It seems that few features of a consumer electronic product will generate as much rancour as a mobile phone charger socket. For those of us with Android phones, the world has slowly been moving over the last few years from micro-USB to USB-C, while iPhone users regard their Lightning connector as the ultimate in connectivity. Get a set of different phone owners together and this can become a full-on feud, as micro-USB owners complain that nobody has a handy charging cable any more, USB-C owners become smug bores, and Apple owners do what they’ve always done and pretend that Steve Jobs invented USB. Throwing a flaming torch into this incendiary mix is the European Union, which is proposing to mandate the use of USB-C on all phones sold in its 27 member nations with the aim of reducing considerably the quantity of e-waste generated.
Minor annoyances over having to carry an extra micro-USB cable for an oddball device aside, we can’t find any reason not to applaud this move, because USB-C is a connector born of several decades of USB evolution and brings with it not only the reversible plug but also the enhanced power delivery standards that enable fast charging no matter whose USB-PD charger you are using. Mandating USB-C will put an end to needlessly overpriced proprietary cables, and bring eventual unity to a fractured world.
A Reminder Of The Bad Old Days
A variety of proprietary phone charger plugs, from the left: Samsung E900, Motorola V3, Nokia 6101, and Sony Ericsson K750. Mk2010, CC BY-SA 3.0.
Readers with long memories will recall that the EU has done this before with USB charging, something that was only mostly successful because it took the form of a memorandum of understanding with the manufacturers. But most Android phone manufacturers signed on. And this spilled over to other devices.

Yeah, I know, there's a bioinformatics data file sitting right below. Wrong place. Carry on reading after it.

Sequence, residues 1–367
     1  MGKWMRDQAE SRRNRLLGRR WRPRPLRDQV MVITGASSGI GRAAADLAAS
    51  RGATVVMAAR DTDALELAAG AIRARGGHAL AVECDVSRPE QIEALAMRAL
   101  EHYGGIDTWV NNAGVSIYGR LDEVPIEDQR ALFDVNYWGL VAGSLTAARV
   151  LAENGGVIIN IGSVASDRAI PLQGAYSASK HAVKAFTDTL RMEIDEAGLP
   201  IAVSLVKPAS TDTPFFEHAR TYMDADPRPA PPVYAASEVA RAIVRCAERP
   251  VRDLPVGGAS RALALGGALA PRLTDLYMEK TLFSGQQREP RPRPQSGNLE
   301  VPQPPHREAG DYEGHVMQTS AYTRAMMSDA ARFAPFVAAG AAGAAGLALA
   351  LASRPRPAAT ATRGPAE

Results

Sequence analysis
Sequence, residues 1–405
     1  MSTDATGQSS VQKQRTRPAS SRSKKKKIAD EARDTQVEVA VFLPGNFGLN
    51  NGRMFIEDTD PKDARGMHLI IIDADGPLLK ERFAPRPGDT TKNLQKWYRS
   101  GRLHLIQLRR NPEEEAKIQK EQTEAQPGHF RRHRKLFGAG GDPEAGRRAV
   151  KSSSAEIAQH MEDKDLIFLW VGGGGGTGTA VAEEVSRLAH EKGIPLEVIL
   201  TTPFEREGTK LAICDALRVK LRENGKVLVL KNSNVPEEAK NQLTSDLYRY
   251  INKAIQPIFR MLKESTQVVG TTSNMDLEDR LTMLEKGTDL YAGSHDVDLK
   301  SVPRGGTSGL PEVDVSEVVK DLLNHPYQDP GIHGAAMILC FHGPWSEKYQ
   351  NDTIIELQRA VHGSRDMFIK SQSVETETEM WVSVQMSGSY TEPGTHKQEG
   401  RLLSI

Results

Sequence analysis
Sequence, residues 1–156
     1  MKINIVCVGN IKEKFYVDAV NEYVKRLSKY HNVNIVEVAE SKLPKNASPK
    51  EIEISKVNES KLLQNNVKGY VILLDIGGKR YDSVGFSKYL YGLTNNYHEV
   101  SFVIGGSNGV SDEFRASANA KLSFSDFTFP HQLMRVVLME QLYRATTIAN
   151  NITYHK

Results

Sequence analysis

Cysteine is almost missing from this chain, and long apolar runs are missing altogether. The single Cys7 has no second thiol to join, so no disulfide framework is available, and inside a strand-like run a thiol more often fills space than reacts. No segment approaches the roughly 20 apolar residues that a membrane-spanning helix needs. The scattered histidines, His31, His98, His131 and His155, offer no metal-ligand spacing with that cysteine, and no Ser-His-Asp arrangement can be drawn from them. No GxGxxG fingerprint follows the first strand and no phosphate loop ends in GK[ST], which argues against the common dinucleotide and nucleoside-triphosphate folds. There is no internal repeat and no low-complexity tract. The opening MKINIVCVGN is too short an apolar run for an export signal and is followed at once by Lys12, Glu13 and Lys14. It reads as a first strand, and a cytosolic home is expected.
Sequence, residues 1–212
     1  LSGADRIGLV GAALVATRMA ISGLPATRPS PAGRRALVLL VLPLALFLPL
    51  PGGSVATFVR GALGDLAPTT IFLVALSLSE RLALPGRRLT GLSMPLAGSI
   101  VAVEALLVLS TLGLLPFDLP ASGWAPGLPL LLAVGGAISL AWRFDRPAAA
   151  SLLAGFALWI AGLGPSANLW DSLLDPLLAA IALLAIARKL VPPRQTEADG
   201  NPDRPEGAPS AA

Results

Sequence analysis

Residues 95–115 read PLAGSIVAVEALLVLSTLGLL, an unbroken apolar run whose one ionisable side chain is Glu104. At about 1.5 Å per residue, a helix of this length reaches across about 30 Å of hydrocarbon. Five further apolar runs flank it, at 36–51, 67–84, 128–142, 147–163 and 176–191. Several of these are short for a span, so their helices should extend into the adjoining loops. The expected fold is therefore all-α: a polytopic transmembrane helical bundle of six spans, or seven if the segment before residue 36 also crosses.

Apple wiggled out of micro USB by including an adapter cable, leaving the proprietary jack in the phone itself. This time around, it’s likely the EU will mandate the connector, thus removing any room for manoeuvre on the part of recalcitrant manufacturers.
What Could Go Wrong?
The USB-C port is tough, convenient, and feature-rich, so where might be the snags in this plan? Imagine for a minute that they had made this move back in 1998 instead of 2021. There were a multitude of chargers on the market back then, but probably the most common was the Nokia 5 V miniature barrel jack. It would have made sense to go with the Nokia connector, so all phones made in the last couple of decades for the EU market would have it. By now the demands for an improved connector taking up less space and with some means of data transfer would be deafening, because the mobile phone has evolved in so many ways unimaginable in the days when a Nokia 5100 was an object of desire.
So it is today, the USB-C connector has all the features we can think of for a mobile device of the 2020s, and will remain useful for the coming years, right? But what about the 2030s or the 2040s? When a Galaxy Fold or an iPhone 13 look as quaint as that Nokia with Snake on it does today, will the 5 GB data transfer rate or 100 W power limit be enough? Any mandated standard must have within it a provision for revision to reflect technological advancement, otherwise we risk creating a throwback. Or push forward the next standard.
So we welcome the prospect of a truly unified charging cable for all our devices. We think USB-C is a good tool for the job, and we hope it doesn’t simply create standardised EU versions while leaving the rest of the world still arguing over which cable is best. We simply hope that the EU can act with sense when it comes to the lifespan of their choice.
Header image: Project Kei, CC BY-SA 4.0.